This, I accept, is not an easy answer, and it is unlikely, therefore, to sate the yearning for catharsis that massacres inspire in the mob. As our history books calmly warn us, it is considerably more satisfying to call for strict regulations or for total prohibitions than to do the hard, focused and sometimes tragic work that our diffused problems require. It is easier, too, to lash out at those who dissent. As such, I expect to see little movement in our debates. Because he knows not of what he speaks, Jimmy Kimmel will continue to reach for chimeras and to denigrate his critics on late-night TV. Because he is lazy and simple and monomaniacal, Sen. Chris Murphy, D-Conn., will tweet himself into pique until his fingers are raw and tired. And the fixtures on the Sunday shows will sigh and inveigh, and fixate upon the dome outside their windows, and keep far from the streets on which our fights are won and lost.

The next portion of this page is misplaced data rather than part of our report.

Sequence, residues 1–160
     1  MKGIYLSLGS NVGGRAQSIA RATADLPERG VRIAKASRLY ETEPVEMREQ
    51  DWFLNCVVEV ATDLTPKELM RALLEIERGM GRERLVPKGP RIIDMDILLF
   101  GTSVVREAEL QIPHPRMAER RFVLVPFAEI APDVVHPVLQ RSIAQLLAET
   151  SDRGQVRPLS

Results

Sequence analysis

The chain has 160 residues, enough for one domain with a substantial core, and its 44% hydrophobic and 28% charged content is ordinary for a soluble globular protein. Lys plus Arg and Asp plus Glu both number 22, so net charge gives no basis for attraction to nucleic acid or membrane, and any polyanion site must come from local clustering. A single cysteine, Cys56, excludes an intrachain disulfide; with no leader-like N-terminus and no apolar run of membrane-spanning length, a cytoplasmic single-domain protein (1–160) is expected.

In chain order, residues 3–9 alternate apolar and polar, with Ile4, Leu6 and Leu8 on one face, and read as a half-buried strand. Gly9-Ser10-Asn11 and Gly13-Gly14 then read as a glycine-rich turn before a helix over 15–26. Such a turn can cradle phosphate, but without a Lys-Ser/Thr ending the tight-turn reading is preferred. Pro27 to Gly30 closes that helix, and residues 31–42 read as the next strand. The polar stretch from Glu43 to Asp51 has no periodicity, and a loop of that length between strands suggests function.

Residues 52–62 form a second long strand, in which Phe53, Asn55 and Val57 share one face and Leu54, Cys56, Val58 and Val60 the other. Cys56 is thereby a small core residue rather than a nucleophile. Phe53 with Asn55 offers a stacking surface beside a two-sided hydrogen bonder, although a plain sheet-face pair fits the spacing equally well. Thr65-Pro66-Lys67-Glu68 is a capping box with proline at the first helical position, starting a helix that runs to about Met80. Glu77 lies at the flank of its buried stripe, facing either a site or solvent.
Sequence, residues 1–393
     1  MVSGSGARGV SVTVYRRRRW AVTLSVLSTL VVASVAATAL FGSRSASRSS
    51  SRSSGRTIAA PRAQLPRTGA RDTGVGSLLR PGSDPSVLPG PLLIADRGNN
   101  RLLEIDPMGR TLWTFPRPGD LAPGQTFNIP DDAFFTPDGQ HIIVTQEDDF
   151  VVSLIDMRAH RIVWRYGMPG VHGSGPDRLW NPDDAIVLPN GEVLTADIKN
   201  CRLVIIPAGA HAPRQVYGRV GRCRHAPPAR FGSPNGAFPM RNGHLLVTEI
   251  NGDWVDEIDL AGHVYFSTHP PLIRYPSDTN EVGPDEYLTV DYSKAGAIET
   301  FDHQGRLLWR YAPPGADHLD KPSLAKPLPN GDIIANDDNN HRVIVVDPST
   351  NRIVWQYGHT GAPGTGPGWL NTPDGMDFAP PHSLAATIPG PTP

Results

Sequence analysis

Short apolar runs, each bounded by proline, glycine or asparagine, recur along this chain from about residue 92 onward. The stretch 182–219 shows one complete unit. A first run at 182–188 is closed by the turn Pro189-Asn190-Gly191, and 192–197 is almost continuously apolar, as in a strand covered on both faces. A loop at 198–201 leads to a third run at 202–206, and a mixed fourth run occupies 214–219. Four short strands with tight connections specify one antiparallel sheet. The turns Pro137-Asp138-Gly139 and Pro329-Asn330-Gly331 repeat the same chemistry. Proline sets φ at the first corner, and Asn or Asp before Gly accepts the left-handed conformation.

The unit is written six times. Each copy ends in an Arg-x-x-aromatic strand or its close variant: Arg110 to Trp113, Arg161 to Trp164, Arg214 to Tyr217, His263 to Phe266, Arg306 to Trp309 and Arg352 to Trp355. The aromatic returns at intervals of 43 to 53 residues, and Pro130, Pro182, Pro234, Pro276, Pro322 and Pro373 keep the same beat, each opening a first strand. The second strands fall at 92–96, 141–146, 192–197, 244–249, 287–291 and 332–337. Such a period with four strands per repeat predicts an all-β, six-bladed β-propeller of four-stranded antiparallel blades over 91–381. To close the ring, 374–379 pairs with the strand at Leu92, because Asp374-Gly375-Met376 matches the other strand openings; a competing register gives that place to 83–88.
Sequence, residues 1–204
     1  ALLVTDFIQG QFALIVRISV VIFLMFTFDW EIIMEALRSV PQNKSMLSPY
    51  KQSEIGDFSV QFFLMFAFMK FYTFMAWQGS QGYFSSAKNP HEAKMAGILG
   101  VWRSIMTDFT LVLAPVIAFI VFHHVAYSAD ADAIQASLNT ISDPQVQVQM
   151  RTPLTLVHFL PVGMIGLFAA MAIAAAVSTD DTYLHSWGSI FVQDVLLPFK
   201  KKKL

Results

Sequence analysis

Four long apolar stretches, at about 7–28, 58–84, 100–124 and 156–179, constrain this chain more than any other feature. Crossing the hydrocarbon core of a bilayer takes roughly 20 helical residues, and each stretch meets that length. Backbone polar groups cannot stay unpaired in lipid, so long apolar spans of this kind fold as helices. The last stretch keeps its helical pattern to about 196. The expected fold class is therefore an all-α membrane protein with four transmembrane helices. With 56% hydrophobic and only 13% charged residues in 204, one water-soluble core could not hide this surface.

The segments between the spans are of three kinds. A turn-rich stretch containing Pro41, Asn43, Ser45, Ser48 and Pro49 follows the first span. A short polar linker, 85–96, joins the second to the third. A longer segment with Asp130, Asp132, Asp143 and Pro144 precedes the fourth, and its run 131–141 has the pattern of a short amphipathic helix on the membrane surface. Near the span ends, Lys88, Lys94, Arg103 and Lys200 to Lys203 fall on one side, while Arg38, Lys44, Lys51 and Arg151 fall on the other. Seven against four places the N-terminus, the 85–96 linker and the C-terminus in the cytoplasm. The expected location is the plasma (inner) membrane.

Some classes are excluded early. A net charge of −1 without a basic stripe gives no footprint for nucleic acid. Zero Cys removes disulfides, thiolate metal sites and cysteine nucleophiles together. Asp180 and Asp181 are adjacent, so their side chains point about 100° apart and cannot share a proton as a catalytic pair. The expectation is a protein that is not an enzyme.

In the meantime, the rest of us will get on as we were before Las Vegas: Doing what we can where we can, making the changes we believe will be helpful, and declining to look to Oz for that cheap conjurer’s magic that does nothing for the cause but keep us briefly entertained.
“Nothing has been done”? Look harder.
Charles C.W. Cooke is the editor of National Review Online and a frequent America’s 1st Freedom contributor.